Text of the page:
Rethinking Early Photography, 16th-17th June 2015, University of Lincoln
Attitudes to photography have undergone a radical shift in recent times. Partly in response to these contemporary changes, historians, curators and photographic practitioners have begun to re-examine older forms of photography: exploring the wide variety of historical technologies and techniques, finding surprising ways in which images were manipulated and determining how an ideology of photographic realism was maintained. Yet there remains a need for scholars to explore questions of early photographic 'authorship', singularity and objectivity in much greater detail.
Scholarly studies of nineteenth-century photography have been heavily influenced by later theoretical constructions. As an alternative, Daniel Novak has posited a 'Victorian theory of photography'. Yet this theory remains unelaborated. Similarly, Elizabeth Edwards and others have called for a move away from the traditional Art History model of analysing photography. This interdisciplinary conference will explore the question of what such an analysis, and such a theory, might look like.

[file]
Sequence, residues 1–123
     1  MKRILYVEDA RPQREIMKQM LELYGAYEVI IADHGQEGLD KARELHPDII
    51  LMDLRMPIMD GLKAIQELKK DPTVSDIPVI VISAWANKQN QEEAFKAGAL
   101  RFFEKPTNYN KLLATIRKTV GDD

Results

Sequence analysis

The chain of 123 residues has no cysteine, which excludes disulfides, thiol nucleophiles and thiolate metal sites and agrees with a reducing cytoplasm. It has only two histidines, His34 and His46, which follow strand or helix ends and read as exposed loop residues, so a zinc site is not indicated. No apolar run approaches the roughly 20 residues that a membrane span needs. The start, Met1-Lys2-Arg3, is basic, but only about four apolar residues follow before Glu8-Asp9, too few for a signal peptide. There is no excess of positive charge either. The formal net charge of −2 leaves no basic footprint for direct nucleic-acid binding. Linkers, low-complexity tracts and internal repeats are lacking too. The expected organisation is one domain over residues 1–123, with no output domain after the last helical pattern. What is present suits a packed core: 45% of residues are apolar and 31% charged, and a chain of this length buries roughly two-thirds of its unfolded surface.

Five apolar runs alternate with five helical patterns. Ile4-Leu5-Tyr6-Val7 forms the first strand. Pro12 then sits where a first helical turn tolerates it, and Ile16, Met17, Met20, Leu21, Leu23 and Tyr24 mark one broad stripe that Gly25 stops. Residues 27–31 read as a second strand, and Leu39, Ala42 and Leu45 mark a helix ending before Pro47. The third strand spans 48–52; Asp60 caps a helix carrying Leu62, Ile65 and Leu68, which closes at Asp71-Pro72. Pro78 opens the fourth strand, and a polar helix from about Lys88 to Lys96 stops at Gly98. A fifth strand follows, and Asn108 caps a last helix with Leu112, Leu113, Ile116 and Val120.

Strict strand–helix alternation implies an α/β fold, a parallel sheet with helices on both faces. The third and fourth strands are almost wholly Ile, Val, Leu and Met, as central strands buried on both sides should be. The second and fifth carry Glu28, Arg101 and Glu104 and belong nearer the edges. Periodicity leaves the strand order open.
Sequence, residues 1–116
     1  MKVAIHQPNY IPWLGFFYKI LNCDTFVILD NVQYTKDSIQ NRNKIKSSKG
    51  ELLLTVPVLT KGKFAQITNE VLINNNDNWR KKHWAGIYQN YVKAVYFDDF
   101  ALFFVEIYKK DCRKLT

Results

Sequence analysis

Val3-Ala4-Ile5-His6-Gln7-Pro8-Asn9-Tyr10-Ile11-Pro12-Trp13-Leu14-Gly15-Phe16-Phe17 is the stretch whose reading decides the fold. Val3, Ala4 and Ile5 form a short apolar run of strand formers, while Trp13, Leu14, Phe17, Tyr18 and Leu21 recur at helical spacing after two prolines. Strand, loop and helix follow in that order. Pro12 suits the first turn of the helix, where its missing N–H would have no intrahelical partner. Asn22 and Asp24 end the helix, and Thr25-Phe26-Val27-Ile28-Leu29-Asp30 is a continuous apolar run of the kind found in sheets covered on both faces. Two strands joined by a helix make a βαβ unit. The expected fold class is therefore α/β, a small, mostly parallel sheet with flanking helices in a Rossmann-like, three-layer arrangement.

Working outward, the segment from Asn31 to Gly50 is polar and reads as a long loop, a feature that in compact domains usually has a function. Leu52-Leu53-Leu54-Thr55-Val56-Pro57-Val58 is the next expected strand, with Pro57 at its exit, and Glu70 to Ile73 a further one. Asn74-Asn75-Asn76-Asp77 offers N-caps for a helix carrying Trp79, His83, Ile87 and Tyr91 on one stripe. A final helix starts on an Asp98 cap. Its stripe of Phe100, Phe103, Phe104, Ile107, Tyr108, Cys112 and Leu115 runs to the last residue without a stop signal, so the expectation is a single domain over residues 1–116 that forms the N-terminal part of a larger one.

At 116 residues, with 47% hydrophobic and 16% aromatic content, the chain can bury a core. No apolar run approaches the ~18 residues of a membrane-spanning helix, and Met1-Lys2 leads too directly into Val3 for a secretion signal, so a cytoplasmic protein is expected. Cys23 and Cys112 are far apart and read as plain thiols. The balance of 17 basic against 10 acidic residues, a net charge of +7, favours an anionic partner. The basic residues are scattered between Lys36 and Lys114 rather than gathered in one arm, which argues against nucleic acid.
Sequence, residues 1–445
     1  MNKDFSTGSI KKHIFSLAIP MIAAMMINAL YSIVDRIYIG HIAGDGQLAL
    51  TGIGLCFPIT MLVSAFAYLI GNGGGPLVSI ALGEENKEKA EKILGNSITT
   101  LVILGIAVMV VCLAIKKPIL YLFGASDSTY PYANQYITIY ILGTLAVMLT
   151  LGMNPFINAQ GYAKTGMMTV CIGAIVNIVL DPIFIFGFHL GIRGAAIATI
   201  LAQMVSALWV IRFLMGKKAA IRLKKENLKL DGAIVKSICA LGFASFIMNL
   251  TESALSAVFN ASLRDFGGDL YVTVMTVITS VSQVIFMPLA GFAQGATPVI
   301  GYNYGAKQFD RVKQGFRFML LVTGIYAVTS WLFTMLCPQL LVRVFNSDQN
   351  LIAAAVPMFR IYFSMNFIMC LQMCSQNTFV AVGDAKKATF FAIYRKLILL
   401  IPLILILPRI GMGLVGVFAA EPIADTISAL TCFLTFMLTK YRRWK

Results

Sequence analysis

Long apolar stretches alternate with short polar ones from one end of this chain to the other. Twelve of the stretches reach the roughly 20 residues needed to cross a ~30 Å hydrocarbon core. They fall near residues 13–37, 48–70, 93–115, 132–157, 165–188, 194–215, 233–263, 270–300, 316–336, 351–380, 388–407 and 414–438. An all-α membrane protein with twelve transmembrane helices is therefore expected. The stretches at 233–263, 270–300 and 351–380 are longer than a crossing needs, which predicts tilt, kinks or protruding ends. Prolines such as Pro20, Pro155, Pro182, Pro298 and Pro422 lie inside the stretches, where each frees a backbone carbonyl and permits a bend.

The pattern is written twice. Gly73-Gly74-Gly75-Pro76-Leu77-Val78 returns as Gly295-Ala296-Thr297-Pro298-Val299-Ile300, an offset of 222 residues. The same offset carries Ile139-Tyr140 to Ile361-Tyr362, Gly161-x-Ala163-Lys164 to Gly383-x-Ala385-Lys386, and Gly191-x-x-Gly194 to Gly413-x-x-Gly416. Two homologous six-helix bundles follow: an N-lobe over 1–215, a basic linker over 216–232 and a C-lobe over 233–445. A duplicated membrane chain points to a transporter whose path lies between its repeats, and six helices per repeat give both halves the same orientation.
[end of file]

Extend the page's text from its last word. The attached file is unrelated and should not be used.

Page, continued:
Possible questions and areas of interest for the conference include:
• How do technological narratives influence our understanding of photography?
• Photography as a business; photographers as workers.
• The hegemony of nineteenth-century photographic realism, and resistances to it.
• Can/should we do away with the Art History model of photography?
• Alternatives to the photographer-as-author model of photographic exhibition and analysis.
• To what extent can we think of photography as being separate to other print and visual media?
• The role of photography in the creation of nineteenth-century celebrity.
• Early photography as represented in literature, art and film.
• Photographs as networks; photographs as objects.
• When does 'early' photography end?
• Does digital photography allow us to 'read back' the performativity of images from earlier periods? How might the revival of Victorian photographic techniques by current practitioners influence historians?
To submit proposals for 20 minute papers, please send an abstract of 200-250 words to firstname.lastname@example.org. The deadline is 12th Jan 2015, 5pm (GMT).